Patterico corrects some misinformation on California’s three strikes law.
Frankly, it’s hard to think of a better authority than a Californian prosecutor.
In order to be subject to a 25-to-life sentence under the Three Strikes Law, a defendant must have at least two previous felonies that qualify as serious or violent: murder, rape, robbery, arson, kidnapping, residential burglary, assault with a deadly weapon, and the like. Then one must commit a third felony.
What’s more, even then, a 25-to-life sentence is not “mandatory.” A judge always has discretion to dismiss one or more strike priors in the interests of justice, if he reasonably concludes that the defendant falls outside the spirit of the Three Strikes Law. In Los Angeles, if the third felony is not serious or violent, judges will generally dismiss one or more strike priors.
There are situations where a sentence is enhanced when a second felony is not a strike — but they aren’t 25-to-life situations. If a defendant has one serious or violent felony on his record, and commits a second felony of any kind, his sentence can be doubled. Here, too, the strike prior can be stricken — and often is, in drug cases, minor theft cases, and/or where the prior is very old, to name some examples of typical situations.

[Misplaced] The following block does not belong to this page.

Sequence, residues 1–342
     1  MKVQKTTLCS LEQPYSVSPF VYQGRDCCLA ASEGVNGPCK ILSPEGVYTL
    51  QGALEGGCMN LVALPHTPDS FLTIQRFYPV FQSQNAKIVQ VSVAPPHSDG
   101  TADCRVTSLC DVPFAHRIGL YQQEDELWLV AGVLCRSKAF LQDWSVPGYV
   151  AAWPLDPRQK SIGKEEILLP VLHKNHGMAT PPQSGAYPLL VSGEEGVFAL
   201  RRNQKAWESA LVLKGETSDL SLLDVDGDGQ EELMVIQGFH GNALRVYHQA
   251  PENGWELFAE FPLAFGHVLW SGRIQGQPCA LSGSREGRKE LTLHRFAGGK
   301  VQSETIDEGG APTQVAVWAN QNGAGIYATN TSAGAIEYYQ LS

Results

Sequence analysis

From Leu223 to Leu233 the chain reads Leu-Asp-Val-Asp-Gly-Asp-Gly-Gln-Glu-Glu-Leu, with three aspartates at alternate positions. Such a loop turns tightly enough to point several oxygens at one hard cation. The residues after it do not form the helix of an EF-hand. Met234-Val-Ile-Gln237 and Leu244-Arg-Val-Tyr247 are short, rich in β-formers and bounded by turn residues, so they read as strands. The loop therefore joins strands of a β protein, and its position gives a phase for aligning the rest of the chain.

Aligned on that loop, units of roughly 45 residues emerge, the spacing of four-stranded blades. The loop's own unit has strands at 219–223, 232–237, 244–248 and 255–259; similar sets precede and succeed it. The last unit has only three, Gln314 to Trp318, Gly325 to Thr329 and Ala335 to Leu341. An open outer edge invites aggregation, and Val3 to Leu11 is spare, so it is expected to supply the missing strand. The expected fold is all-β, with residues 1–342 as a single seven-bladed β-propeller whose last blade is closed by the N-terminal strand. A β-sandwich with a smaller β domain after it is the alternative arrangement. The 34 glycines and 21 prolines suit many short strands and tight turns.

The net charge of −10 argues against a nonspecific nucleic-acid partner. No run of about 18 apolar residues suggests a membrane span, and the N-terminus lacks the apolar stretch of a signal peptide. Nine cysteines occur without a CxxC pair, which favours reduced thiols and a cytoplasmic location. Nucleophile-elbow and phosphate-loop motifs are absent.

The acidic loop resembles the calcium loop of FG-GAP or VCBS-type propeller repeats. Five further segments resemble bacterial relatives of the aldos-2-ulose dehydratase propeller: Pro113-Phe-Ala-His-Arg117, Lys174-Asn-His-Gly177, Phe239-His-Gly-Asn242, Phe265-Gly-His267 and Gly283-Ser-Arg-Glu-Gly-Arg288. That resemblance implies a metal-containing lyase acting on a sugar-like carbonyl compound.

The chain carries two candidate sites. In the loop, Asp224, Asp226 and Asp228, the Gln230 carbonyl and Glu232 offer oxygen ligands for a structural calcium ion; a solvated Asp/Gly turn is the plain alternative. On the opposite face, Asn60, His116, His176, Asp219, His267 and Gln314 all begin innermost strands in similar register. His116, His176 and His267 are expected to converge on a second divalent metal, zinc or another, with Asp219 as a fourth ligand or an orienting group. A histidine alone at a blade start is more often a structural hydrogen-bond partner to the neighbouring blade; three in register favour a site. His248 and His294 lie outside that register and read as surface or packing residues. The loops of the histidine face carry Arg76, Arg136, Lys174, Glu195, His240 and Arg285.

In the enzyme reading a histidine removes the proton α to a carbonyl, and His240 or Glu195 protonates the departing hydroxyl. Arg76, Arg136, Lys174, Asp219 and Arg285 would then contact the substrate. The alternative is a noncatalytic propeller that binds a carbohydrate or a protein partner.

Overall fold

The Slate article is substantially misleading and should be corrected.
Incidentally, I’m working on getting a copy of the study discussed in the article. I have a feeling it’s flawed, but you never know until you read it.
P.S. Possession of marijuana is generally a misdemeanor in California, unless it is possessed for sale. Stealing golf clubs or videotapes is generally a misdemeanor, unless the defendant has a prior theft conviction for which he received jail or prison time, or the property exceeds $400 in value. Even then, you can get a misdemeanor with a relatively clean record.